Tuesday, November 17, 2009

Women's Monopoly on Violence

The title of this post is also the title of a post on another blog—a post I wish I'd written myself! Please go and read it; I can assure you that you won't be disappointed:


I thoroughly appreciate his "take the bull by the horns" approach to the issue, and I'd love to see what any feminist or male collaborationist would say, or even COULD say, in rebuttal to such an argument.

Personally, I would tend to handle this issue (of female violence against men and cultural immunity from retaliation) in a more indirect way, a more legalistic and serpentine way. I would argue somewhat along the following line:

"Female violence against men is both culturally and legally sanctioned. This voids any social contract that would obligate any man to behave non-violently toward women. Therefore, I cannot will male non-violence toward women as a purely social imperative or as an objectively grounded moral law. Given that no social contract presently exists that would constitute the objective basis for such an imperative, it follows that no such basis factually exists save it were manifested as a moral law within myself, grounded in my personal identity, agency, and autonomy."

All of which is a fancy way of saying that I am free to deal with women as the case demands, and as my personal honor and goodness dictates, and that nothing external to myself can dictate the exact form that my personal honor and goodness might assume.

But Snark tackles the question of female violence against men by a more straightforwardly ethical and axiological line of approach—an approach I find refreshing in its candor.

It has additionally occurred to me that women's monopoly on violence maps very closely to the state's monopoly on violence. The following links are relevant in this connection:




Anonymous Anonymous said...

Confronted with this, most women and feminists will be hit with the phenomenon "optional blindness" and "bad feeling", which in turn would spark off a lot of shaming language and random, nonconfirmed statistics-lying.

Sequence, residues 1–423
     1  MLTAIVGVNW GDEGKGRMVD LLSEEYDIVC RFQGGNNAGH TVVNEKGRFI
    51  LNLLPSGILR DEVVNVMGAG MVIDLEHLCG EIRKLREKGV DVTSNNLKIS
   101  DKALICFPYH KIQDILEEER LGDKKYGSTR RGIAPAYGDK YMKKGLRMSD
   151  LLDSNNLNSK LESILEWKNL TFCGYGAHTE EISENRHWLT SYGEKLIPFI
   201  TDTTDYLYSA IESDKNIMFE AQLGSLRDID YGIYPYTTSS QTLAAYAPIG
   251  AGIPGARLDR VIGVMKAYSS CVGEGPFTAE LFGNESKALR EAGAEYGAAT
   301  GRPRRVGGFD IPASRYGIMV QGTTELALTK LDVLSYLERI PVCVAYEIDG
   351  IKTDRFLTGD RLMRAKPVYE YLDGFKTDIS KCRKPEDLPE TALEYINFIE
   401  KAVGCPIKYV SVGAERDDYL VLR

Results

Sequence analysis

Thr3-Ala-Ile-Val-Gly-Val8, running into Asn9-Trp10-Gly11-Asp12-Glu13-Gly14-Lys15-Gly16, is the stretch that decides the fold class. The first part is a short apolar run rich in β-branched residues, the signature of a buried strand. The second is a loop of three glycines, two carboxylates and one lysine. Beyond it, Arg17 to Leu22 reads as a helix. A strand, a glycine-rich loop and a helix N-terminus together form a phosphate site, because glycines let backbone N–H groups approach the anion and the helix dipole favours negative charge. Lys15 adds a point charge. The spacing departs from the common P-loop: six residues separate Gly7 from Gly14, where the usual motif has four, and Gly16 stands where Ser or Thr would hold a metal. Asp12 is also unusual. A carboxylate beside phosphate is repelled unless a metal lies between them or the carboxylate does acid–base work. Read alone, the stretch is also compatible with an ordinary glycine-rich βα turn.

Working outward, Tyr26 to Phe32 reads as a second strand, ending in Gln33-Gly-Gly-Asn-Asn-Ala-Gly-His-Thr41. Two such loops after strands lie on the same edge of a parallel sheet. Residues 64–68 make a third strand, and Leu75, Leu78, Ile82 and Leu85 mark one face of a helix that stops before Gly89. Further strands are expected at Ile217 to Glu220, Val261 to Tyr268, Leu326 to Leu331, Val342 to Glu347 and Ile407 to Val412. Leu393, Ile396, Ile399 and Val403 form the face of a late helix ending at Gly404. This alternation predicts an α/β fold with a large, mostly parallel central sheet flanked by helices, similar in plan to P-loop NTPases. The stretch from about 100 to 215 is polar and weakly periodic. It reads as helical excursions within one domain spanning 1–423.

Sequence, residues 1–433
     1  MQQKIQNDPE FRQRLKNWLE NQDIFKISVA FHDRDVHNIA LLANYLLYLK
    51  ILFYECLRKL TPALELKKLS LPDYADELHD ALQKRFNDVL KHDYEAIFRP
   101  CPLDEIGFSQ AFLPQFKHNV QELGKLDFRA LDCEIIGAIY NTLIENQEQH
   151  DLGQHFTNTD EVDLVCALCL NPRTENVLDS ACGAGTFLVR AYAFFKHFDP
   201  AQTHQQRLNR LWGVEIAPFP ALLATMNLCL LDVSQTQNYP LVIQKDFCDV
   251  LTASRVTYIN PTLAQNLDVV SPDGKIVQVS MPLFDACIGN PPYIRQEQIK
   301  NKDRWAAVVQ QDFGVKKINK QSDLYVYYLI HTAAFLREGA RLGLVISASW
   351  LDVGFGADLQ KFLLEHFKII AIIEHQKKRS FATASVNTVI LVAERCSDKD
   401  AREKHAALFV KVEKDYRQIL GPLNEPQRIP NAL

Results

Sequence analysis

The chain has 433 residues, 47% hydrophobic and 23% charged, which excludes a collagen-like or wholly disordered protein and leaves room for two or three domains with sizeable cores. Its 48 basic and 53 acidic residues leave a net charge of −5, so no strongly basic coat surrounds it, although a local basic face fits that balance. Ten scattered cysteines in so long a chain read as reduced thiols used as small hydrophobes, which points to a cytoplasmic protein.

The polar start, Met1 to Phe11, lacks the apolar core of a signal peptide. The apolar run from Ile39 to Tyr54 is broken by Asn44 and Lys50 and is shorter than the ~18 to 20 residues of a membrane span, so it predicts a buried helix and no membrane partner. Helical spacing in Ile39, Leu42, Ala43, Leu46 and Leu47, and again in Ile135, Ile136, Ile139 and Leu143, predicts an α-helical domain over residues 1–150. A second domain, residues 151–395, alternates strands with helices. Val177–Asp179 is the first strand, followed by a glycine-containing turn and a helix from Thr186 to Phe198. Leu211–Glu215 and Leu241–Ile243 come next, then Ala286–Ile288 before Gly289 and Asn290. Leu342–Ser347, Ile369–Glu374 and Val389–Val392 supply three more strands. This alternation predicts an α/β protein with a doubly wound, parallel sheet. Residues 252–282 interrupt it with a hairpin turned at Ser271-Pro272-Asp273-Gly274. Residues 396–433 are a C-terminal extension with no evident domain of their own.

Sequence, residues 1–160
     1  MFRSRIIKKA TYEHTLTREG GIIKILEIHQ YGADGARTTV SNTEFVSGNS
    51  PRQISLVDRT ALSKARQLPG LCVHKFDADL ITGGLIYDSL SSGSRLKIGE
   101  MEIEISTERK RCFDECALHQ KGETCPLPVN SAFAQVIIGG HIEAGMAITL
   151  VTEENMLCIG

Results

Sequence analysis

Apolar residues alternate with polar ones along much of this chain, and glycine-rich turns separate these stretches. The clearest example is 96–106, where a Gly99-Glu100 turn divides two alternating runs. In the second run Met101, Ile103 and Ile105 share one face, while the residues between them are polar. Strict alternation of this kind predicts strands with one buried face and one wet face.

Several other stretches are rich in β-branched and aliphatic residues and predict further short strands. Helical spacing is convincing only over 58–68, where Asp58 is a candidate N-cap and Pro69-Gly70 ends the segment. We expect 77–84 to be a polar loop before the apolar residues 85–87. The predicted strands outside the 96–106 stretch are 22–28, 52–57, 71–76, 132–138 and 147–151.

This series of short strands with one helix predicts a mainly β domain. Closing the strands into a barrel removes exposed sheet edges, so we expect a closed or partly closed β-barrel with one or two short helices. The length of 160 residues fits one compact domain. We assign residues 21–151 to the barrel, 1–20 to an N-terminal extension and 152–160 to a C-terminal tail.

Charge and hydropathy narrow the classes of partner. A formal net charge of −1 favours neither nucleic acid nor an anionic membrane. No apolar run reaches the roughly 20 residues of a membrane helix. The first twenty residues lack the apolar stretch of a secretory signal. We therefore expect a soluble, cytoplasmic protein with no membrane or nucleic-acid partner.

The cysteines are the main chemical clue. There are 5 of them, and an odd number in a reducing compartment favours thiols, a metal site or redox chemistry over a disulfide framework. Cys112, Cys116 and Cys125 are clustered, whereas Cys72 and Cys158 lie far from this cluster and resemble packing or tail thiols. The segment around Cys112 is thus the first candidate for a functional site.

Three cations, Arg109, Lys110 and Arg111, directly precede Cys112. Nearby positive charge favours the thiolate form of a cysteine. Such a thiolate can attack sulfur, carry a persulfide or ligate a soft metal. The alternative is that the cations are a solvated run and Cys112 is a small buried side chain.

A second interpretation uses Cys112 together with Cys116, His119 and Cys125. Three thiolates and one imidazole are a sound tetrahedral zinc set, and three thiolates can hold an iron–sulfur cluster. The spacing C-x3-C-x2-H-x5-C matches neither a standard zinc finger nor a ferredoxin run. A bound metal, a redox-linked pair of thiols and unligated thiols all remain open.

But I´d guess you know already, right??

2:41 AM  
Blogger Snark said...


Just read that earlier article and listened to your mp3 ... it's certainly a lot smarter than anything I said! But hey ... I'm new to this game!

Your commentary on social contractualism has made me realise something - namely, that I may be missing the bigger picture. However, the link you made between the personal being political and totalitarianism hits the nail on the head and is something I was already planning to write on!

In the meantime ... my shoulders certainly feel lighter from that big bag of rocks I just cast off ...

3:45 AM  
Anonymous julie said...

I thought it was very good. Actually above really good. I particularly liked the way the writer spoke of moral relativism in his writing.

I didn't think picking on it was appropriate because there was such a lot of good in it.

But over here I think I can make one little pick. And that is that we do allow murder. We allow it in war.

3:38 PM  
Blogger Fidelbogen said...

@Julie: Oh my, did somebody pick on it? ;)

3:53 PM  
Blogger Fidelbogen said...

"But I´d guess you know already, right??"

Sadly, you have guessed right! :(

3:55 PM  
Blogger Fidelbogen said...


"..something I was already planning to write on!"

Ahh...and something I am already planning to read on, you may be sure! :)

3:58 PM  
Anonymous julie said...

@ Fidelbogen

Oh my, did somebody pick on it?

Smarty pants. :D lol!

4:11 PM  
Blogger Snark said...

"But over here I think I can make one little pick. And that is that we do allow murder. We allow it in war."

I agree, julie, although war would be one of those exceptional circumstances in which the moral rule is set aside. This is true despite the frequency of war ... it is not perceived as a normal state of affairs; rather it is (seen as) the prime example of a situation beyond normal social functioning, where moral boundaries are bypassed as a matter of necessity.

4:36 PM  

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